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Comparison of virulence factors in clinical isolates and standard strain of staphylococcus aureus
R. Mohan,
Published in Global Research Online
Volume: 34
Issue: 2
Pages: 234 - 240
Staphylococcus aureus is an important human bacterial pathogen causing wide range of diseases both by nosocomial and community-acquired infections. The organism produces a number of virulent toxins and proteins which are responsible for serious infections damaging host cells and tissues thereby involving in pathogenesis. Due to the continuous use of antibiotics, the organism show resistant to most of the available antibiotics and thereby creating a major problem and threaten to human and public health. In this present study, six S. aureus strains and clinical isolates (S1, S2, C1, C2, S2 Mut and MTCC 737) were compared for the antibiotics susceptibility test in which all the strains were found to be resistant to one of the most important antibioticsvancomycin. Plasmid curing analysis was done to know if the antibiotic resistance was plasmid-mediated or chromosome-mediated. The result showed the presence of zone of inhibition even after treating the strains with acridine orange thus inferring it as chromosome mediated. The strains were assayed for the activity of three important virulence factors produced by the organism such as protease, lipase and biofilms by plate assays which have specific roles in causing disease in host. The results showed that among the six tested strains the clinical isolate C1 and MTCC strain were found to be more virulent since all the three studied virulence factors lipase, protease and biofilm were produced in them when compared to other strains S1, S2 C2 and S2 mut. © Copyright protected.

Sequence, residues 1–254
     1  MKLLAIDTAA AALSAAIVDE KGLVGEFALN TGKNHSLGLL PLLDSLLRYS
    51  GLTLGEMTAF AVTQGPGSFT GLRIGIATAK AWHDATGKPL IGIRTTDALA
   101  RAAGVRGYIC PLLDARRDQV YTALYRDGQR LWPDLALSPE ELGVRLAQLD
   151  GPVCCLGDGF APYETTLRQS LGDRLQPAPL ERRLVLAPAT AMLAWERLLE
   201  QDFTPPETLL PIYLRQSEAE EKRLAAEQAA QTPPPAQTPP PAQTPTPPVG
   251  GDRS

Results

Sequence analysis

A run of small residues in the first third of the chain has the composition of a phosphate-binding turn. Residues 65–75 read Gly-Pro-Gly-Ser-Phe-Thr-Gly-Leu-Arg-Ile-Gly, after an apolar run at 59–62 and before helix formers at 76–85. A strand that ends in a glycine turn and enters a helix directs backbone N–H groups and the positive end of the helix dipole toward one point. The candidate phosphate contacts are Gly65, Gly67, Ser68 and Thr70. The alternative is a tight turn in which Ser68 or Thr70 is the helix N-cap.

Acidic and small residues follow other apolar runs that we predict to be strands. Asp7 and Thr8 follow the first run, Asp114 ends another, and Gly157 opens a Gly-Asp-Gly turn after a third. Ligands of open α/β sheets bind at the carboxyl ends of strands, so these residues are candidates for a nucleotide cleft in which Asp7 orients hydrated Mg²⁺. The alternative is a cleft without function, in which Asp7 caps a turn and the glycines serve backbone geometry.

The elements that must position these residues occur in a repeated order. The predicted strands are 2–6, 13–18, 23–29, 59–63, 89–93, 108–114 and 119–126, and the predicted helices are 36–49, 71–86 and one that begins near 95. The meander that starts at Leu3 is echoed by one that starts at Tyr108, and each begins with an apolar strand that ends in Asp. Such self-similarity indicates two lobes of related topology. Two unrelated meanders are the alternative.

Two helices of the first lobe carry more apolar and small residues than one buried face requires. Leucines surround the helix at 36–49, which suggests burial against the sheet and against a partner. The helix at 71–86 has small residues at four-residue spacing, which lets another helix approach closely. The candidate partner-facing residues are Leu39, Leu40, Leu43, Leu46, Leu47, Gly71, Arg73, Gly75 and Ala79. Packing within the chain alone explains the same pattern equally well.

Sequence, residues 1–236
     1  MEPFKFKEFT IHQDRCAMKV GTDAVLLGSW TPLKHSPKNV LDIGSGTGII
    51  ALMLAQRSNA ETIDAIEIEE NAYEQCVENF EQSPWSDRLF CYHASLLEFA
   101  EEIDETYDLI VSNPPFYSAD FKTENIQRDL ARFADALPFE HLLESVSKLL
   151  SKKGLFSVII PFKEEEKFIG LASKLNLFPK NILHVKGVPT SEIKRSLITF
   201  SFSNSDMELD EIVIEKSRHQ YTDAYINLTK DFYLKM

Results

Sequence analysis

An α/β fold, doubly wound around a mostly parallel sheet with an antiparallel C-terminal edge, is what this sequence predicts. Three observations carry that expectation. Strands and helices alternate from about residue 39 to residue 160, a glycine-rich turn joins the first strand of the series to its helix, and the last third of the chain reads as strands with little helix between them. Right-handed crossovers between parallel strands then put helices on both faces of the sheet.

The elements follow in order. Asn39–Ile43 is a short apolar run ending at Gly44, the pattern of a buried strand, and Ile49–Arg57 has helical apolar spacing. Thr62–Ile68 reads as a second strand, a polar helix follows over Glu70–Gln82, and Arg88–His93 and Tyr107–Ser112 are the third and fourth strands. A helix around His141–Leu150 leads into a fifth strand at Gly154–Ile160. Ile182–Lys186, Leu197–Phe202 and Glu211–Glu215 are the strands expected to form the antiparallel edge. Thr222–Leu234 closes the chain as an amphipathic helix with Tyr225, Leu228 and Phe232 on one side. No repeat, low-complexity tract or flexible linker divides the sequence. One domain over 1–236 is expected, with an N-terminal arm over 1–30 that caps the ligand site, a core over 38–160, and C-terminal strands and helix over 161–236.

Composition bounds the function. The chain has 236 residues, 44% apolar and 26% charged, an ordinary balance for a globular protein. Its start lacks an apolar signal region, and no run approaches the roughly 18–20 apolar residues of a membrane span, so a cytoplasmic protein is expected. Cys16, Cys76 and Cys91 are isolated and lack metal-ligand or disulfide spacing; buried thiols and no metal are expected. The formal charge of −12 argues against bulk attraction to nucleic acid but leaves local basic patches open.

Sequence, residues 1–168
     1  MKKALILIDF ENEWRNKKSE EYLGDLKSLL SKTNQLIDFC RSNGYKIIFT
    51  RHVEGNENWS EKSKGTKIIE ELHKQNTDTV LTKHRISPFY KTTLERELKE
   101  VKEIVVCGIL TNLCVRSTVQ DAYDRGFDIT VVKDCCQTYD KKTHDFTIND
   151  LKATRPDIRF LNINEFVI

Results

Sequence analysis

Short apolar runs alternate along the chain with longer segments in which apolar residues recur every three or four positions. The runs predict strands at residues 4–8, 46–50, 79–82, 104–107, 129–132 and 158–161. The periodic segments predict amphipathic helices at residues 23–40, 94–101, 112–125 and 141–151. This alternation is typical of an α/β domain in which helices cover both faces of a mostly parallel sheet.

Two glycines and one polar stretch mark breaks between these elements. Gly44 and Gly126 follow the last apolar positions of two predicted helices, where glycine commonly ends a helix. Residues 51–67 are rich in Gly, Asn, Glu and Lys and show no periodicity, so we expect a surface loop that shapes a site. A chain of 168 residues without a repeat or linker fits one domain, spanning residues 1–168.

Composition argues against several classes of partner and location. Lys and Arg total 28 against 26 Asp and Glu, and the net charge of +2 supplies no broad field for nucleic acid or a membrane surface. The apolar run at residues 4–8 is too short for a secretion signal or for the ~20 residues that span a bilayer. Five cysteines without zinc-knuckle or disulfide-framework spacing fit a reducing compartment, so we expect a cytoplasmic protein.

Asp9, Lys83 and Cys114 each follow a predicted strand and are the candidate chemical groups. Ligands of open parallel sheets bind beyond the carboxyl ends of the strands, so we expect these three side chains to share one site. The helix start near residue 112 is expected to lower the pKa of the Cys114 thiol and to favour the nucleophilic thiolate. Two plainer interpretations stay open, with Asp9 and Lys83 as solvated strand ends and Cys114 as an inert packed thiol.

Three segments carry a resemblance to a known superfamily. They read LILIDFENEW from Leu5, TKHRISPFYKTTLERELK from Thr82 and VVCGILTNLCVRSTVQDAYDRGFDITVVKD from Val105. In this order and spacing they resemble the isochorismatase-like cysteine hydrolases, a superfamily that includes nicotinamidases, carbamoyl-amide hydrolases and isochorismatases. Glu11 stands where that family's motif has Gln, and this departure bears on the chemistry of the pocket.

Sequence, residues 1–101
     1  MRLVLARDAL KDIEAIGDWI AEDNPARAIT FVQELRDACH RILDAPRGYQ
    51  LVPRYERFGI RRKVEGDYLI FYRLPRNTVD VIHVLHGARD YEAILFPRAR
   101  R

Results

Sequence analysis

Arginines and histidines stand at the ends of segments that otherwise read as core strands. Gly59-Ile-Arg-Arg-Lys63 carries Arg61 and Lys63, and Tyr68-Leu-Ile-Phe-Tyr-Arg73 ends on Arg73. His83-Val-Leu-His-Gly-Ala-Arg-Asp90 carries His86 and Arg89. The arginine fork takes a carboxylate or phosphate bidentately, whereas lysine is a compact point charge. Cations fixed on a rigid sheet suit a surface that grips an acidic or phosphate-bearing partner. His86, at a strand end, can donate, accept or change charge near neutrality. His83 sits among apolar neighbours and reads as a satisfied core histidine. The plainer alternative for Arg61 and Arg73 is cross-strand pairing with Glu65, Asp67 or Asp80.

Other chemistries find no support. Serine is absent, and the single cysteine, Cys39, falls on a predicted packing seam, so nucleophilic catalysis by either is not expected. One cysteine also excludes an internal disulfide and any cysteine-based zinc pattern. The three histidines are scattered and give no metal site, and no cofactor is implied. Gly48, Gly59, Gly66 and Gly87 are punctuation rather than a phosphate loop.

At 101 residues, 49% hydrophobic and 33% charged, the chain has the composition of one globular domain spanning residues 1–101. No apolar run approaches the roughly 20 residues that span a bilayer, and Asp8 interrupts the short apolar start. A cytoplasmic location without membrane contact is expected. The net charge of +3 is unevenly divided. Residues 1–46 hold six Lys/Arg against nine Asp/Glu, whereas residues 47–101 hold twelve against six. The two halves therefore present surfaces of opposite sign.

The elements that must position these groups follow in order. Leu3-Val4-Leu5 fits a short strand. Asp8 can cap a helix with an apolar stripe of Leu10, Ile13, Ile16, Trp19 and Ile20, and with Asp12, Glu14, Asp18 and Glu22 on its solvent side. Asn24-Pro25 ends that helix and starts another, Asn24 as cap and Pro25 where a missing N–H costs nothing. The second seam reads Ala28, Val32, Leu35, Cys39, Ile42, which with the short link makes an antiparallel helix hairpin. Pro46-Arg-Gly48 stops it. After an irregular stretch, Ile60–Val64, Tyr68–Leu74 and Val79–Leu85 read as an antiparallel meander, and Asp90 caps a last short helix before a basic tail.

About the journal
JournalInternational Journal of Pharmaceutical Sciences Review and Research
PublisherGlobal Research Online